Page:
Ominous skies cloud Shelburne Bay, as seen from Burlington’s Overlook Park on Tuesday, March 17, as word of the coronavirus’ grip on the world continues to spread. As of press time, 17 positive cases had been reported in Vermont.
Sometimes it pays to be an insomniac. One frigid winter night, I climbed out of my restless bed and slipped outside to stand under a sky littered with stars and take in the complete silence of darkness.
During his run at Shelburne Farms on Sunday, March 15, Town Manager Lee Krohn got this shot of Lake Champlain. ‘It was wild with the wind, waves and ice formations … brisk run in the sun!’ he said.
During the summer, I often spy common garter snakes sunning themselves in my garden. As the snow piles up through winter, covering the landscape in cold white, I wonder where these warmth-seeking creatures have gone.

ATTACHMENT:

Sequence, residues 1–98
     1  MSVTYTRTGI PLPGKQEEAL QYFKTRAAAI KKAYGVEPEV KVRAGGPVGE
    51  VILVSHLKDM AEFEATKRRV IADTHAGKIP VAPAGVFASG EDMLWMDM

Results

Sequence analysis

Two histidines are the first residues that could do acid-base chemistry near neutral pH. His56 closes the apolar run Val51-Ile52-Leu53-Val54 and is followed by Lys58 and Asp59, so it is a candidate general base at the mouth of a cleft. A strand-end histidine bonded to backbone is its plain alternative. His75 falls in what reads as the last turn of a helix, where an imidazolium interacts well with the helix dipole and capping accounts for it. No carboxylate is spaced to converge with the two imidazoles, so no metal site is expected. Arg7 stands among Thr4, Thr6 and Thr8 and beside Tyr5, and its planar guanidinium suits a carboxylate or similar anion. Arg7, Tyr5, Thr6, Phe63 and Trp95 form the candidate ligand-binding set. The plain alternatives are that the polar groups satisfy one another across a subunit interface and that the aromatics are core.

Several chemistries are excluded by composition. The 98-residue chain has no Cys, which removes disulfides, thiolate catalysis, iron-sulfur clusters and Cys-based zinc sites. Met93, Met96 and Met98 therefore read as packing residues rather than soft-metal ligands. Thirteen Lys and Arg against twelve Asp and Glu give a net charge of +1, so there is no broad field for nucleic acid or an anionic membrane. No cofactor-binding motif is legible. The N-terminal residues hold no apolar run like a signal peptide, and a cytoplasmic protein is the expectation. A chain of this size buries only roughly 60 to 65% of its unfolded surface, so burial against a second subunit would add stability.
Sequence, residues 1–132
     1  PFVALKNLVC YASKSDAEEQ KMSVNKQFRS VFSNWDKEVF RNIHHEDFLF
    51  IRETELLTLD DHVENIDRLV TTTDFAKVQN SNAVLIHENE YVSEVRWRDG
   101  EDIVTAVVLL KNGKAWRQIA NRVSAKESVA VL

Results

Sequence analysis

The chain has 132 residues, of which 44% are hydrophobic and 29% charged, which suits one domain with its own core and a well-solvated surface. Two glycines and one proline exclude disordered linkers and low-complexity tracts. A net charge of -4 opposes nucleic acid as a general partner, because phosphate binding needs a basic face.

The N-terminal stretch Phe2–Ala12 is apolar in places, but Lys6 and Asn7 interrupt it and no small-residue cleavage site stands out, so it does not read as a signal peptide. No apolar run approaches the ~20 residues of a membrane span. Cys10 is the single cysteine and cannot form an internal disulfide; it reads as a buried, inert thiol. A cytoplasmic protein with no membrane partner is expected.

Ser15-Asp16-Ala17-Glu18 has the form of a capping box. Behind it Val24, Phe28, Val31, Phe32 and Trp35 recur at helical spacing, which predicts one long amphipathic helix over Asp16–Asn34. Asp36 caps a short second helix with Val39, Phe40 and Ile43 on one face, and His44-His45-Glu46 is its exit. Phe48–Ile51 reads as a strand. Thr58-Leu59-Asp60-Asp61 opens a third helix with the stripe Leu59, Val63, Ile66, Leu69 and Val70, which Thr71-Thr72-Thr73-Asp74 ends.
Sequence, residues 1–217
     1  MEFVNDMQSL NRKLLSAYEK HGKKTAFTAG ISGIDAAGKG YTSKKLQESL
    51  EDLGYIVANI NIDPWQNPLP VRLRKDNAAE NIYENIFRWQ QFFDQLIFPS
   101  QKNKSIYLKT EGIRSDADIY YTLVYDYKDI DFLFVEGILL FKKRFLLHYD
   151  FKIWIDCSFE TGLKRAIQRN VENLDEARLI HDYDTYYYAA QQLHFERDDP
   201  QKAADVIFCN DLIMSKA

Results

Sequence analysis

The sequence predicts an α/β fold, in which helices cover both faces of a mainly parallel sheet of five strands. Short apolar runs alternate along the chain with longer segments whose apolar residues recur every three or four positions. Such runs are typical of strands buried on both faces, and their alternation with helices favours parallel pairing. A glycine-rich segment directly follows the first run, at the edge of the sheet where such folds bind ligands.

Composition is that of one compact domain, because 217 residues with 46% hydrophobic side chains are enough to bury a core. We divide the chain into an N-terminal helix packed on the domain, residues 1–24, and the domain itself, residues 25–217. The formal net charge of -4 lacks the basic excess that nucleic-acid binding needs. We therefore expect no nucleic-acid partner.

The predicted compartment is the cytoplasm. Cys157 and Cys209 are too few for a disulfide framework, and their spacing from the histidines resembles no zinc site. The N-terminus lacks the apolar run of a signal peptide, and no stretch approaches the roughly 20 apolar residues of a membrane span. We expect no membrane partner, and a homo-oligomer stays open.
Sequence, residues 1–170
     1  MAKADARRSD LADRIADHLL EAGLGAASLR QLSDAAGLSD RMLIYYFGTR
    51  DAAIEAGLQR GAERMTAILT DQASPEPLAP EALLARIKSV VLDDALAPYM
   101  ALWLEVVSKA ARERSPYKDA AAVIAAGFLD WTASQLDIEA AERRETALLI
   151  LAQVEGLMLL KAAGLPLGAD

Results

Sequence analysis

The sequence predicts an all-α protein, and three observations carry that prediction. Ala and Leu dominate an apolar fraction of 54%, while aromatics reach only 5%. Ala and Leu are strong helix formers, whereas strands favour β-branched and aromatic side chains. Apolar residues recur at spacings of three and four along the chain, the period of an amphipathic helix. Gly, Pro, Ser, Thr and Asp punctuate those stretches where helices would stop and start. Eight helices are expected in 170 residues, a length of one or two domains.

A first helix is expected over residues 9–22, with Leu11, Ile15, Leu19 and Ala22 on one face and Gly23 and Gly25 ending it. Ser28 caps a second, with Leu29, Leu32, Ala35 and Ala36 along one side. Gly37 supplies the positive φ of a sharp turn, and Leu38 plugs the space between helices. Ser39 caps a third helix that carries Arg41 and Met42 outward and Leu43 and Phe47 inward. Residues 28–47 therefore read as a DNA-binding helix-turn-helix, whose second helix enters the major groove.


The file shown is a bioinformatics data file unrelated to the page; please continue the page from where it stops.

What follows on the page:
On a picture-perfect winter morning last year, 20 St. Michael’s College students and I visited Vermont Fish and Wildlife scientists to go ice fishing at Knight’s Point on Lake Champlain.
On a walk one winter afternoon, I spotted two white objects darting across a snow-covered field. White on white, they were difficult to identify at first. It was a short-tailed weasel chasing a snowshoe hare.
I have always admired nature’s mutineers: animals and plants that thwart the recognized system and do their own thing. As a child I was the sole member of my own duck-billed platypus club, endeared to this creature with the bird-like bill, be…
Whenever I spy a pileated woodpecker traversing the sky, I pause to watch its weird undulating flight. The jerky rise-and-drop movement of this large woodpecker is endearingly gawky – like a mini pterodactyl visiting from the Cretaceous perio…